desparation coming from anyone, especially Draper, the guy who's job hangs in the balance right at the beginning.There could have been more exposition as to set up the fact that he was under great pressure to nail the Lucky Strike account. how? Something other than some thin dialog to another exec about how rough the biz is.
He could be "hurling" in the executive wash room, ANYTHING to SHOW YOU his career might be swirling the toilet. And then when he saves the day and gets the account It's like "so what"?
The problem is the script is missing scenes that
would set up the punch needed to make you say "wow".Frankly I thought he would steel the waiter's comment when he told Draper. "I love to smoke".I was not paying that much attention to the furnishings at the agency.The icon pieces from that period would be from names like Herman
Miller, Charles Eames, Heywood Wakefield,Russell
Wright.etc. The production lacks texture. I think this material would show well in the hands of someone like Anthony Yerkovich, Michael Mann or perhaps Barry Levinson. To understand this .
you have to sit down and watch an episode of CRIME STORY if only to get a real taste of the period. I'd like to see more cars.A grittier shooting and directing style. You can only get so far on the A.M.drinking and smoking in the elevator. Mid story, a meeting takes place where Draper has words with a potential client. A female owner of a large department store. Draper becomes insulted and walks out on the meeting. OK, a rash move from a man on the edge. Later we cut to a scene of two people seated at a table having a drink. It's Draper and the woman. No set- up or even an entrance where we can follow him in to find her waiting.Like a "point of view' where he walks the room and walks up on her sitting there. I guess i'm nit picking here, but i did like the ending.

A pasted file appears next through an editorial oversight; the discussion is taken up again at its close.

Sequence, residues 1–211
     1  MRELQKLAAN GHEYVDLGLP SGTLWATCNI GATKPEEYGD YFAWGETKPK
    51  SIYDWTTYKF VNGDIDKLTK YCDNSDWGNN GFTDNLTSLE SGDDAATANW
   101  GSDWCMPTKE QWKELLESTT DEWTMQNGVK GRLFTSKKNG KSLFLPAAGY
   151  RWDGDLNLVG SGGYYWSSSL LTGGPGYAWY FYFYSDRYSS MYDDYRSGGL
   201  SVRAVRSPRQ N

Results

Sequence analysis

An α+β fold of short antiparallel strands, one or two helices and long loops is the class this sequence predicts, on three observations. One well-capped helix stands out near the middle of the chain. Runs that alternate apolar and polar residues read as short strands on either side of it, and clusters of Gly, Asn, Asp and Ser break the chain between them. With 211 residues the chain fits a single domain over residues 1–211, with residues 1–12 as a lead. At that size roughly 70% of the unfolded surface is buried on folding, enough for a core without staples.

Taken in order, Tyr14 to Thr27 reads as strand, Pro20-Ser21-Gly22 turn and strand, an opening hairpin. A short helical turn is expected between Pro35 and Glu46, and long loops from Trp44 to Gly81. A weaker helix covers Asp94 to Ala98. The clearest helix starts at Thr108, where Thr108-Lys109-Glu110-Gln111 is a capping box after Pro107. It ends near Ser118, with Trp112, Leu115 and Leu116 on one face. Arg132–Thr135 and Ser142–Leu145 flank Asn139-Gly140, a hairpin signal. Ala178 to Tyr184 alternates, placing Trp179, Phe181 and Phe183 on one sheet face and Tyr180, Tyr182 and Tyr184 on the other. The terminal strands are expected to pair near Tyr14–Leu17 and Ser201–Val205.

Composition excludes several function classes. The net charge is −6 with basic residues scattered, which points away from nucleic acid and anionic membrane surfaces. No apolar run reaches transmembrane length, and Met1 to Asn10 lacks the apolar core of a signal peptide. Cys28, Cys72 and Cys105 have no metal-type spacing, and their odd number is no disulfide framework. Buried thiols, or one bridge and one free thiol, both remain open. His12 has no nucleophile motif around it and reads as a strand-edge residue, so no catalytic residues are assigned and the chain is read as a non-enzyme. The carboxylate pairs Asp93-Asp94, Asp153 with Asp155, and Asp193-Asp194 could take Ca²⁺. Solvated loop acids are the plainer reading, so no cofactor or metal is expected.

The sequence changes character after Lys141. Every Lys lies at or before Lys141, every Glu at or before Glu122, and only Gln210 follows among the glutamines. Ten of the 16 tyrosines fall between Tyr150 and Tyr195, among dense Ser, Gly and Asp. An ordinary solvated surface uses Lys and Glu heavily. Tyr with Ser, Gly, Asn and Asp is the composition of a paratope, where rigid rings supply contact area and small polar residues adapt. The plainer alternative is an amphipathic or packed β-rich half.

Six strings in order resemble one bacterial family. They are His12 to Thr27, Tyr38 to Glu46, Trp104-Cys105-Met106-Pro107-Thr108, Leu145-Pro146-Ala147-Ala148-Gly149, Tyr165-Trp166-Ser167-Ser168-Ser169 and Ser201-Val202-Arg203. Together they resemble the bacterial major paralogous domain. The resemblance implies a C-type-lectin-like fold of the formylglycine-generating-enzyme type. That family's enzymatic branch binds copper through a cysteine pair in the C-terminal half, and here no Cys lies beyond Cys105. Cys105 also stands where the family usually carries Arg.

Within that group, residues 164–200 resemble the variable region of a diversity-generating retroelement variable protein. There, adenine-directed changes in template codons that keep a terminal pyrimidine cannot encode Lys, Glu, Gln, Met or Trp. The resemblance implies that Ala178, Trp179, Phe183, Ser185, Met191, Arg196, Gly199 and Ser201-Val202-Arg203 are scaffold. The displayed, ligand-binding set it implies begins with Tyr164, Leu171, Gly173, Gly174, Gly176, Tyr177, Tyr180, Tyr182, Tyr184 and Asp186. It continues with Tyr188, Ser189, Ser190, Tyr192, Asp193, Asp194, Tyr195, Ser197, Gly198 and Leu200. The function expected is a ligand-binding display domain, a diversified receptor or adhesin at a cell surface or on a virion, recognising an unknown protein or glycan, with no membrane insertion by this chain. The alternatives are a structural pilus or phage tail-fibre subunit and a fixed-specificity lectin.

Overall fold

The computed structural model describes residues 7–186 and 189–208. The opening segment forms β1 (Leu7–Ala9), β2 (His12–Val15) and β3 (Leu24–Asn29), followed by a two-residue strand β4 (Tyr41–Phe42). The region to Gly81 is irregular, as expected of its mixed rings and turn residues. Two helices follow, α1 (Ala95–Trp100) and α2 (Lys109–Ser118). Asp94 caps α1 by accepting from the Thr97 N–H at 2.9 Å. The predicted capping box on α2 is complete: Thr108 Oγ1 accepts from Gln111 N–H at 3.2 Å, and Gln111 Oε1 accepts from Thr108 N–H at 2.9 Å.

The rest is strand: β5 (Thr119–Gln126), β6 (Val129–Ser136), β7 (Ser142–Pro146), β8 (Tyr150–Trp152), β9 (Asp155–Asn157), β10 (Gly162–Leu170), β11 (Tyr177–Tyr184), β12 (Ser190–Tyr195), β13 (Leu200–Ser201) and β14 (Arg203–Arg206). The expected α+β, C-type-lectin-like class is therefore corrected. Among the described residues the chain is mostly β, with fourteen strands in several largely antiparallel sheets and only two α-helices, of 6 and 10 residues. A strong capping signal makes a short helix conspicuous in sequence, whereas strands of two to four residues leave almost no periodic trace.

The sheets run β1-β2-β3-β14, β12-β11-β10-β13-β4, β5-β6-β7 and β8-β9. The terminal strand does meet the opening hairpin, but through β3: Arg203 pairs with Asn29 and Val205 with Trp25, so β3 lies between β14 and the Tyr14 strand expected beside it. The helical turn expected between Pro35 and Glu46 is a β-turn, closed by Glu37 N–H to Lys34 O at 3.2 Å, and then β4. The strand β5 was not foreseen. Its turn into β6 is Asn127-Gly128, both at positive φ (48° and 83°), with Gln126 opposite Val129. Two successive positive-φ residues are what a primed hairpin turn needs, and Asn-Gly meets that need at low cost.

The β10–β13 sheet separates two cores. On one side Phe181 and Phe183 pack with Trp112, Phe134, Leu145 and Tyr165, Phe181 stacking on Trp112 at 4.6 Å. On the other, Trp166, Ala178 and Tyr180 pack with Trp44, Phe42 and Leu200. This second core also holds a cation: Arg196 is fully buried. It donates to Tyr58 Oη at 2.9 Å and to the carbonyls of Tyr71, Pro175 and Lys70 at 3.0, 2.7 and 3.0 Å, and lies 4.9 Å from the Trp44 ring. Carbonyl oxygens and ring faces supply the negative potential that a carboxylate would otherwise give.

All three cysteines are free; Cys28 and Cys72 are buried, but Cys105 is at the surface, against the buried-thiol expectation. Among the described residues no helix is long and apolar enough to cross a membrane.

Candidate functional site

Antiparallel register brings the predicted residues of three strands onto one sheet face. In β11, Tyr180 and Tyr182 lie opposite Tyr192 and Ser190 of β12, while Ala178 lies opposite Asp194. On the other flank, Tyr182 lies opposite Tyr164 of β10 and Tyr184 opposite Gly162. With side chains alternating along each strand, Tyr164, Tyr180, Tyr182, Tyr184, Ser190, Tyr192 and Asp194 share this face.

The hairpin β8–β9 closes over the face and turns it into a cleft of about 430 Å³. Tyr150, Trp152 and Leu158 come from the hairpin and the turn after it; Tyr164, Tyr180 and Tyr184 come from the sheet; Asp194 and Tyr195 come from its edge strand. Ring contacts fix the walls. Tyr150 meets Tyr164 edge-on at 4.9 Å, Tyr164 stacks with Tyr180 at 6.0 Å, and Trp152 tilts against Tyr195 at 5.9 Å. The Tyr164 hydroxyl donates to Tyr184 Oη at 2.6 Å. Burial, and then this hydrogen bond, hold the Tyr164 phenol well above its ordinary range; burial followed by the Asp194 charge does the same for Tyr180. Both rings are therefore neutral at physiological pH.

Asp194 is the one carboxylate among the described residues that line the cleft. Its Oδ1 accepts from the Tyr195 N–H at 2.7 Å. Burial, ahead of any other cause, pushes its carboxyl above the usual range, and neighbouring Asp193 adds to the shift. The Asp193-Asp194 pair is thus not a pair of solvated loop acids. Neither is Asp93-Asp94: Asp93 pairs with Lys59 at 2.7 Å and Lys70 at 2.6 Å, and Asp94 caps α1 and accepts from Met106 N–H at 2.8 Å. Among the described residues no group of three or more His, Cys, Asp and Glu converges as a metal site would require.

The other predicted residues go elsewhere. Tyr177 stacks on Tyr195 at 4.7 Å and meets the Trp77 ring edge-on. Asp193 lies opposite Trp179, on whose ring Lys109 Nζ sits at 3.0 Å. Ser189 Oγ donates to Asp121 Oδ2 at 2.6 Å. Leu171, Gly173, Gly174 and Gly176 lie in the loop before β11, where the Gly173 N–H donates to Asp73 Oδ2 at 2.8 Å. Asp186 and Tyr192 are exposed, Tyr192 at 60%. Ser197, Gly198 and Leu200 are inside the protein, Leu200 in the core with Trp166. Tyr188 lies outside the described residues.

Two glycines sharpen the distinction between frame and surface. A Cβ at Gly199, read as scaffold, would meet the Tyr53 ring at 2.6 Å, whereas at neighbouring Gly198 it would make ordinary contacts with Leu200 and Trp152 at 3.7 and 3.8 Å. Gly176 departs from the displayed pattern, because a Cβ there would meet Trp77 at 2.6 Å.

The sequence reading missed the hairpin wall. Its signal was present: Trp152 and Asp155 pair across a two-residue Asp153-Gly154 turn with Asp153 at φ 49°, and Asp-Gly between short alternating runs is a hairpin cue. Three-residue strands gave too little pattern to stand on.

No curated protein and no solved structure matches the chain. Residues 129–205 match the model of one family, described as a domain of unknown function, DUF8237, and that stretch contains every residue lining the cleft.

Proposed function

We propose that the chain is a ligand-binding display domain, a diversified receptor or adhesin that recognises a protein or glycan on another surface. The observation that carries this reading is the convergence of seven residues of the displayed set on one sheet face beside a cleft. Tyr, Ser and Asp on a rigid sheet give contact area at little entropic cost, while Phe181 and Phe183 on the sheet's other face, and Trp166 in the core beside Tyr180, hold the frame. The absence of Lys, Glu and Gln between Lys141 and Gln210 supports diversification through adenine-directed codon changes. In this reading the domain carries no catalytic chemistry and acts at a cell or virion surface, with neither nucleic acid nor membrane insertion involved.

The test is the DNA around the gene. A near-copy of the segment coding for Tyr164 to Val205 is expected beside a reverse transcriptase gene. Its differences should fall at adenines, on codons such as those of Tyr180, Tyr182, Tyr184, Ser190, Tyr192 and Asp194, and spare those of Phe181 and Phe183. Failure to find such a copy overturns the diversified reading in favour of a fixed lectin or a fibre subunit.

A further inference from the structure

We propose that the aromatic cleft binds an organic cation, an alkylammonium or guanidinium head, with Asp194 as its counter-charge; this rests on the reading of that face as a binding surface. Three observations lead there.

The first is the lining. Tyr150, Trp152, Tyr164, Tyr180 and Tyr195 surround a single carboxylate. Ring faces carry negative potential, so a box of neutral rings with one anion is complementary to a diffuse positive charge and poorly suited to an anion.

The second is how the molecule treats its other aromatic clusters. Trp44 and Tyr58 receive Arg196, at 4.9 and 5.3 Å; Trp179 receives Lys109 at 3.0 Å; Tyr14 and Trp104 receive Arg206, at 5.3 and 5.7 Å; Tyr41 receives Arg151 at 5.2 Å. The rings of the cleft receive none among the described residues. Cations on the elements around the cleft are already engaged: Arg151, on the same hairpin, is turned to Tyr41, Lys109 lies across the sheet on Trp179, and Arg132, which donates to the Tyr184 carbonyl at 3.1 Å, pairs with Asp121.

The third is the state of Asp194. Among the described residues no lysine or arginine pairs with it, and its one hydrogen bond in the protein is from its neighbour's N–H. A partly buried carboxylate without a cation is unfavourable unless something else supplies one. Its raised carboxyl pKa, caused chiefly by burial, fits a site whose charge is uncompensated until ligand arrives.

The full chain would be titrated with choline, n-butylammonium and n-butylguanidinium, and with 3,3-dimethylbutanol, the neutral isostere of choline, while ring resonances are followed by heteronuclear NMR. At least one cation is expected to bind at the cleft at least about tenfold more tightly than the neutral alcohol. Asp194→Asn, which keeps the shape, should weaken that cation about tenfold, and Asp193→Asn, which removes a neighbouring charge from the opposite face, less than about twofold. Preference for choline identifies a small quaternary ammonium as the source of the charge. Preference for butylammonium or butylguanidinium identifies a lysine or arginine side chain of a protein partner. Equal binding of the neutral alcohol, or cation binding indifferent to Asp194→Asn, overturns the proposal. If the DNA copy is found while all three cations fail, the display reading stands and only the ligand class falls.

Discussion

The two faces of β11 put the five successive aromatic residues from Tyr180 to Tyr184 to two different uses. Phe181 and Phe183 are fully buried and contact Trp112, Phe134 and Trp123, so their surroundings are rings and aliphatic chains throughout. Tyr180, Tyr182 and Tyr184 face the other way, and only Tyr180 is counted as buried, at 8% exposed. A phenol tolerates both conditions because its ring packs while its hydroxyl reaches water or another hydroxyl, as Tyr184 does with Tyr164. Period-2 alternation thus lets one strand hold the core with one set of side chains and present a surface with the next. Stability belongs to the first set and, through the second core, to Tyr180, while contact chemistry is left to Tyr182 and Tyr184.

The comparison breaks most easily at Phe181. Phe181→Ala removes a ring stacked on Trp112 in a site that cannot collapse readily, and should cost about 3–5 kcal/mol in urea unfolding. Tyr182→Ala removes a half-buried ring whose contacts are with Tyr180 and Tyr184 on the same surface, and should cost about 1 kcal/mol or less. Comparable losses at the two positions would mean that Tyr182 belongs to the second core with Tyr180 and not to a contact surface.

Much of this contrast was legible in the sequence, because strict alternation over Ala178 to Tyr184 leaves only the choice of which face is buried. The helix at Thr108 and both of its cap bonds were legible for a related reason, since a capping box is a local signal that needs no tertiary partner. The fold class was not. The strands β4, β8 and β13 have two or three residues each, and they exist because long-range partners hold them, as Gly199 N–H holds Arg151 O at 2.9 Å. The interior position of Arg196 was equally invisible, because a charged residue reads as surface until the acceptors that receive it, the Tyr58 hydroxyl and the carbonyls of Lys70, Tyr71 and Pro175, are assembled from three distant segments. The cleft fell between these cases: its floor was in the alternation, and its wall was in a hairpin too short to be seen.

Except. If you didn't suspect he was going home to his wife and kids when he was on the train, you KNEW it when you saw the Pontiac take off from the station. I would have liked a surprise here by
perhaps following his boss out the door at closing time, and then through some veiled shots insinuate that the boss was going home to the wife only to see Draper's head poke into frame. How about it?
There is so much potential with this show. I want to be a fan, and to tell you the truth it's different enough and I will keep watching and hopefully eat my words.